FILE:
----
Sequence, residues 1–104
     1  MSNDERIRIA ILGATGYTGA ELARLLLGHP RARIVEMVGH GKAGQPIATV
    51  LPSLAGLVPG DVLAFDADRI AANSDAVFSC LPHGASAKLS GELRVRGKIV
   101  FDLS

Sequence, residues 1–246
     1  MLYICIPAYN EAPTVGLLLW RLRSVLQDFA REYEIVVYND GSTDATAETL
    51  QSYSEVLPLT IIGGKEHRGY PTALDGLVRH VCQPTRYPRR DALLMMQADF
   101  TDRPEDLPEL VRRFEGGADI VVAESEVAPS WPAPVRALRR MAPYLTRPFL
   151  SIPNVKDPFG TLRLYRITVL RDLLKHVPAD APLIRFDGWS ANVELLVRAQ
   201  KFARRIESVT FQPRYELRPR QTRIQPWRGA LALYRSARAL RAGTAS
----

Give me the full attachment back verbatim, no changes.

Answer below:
Sequence, residues 1–104
     1  MSNDERIRIA ILGATGYTGA ELARLLLGHP RARIVEMVGH GKAGQPIATV
    51  LPSLAGLVPG DVLAFDADRI AANSDAVFSC LPHGASAKLS GELRVRGKIV
   101  FDLS

Sequence, residues 1–246
     1  MLYICIPAYN EAPTVGLLLW RLRSVLQDFA REYEIVVYND GSTDATAETL
    51  QSYSEVLPLT IIGGKEHRGY PTALDGLVRH VCQPTRYPRR DALLMMQADF
   101  TDRPEDLPEL VRRFEGGADI VVAESEVAPS WPAPVRALRR MAPYLTRPFL
   151  SIPNVKDPFG TLRLYRITVL RDLLKHVPAD APLIRFDGWS ANVELLVRAQ
   201  KFARRIESVT FQPRYELRPR QTRIQPWRGA LALYRSARAL RAGTAS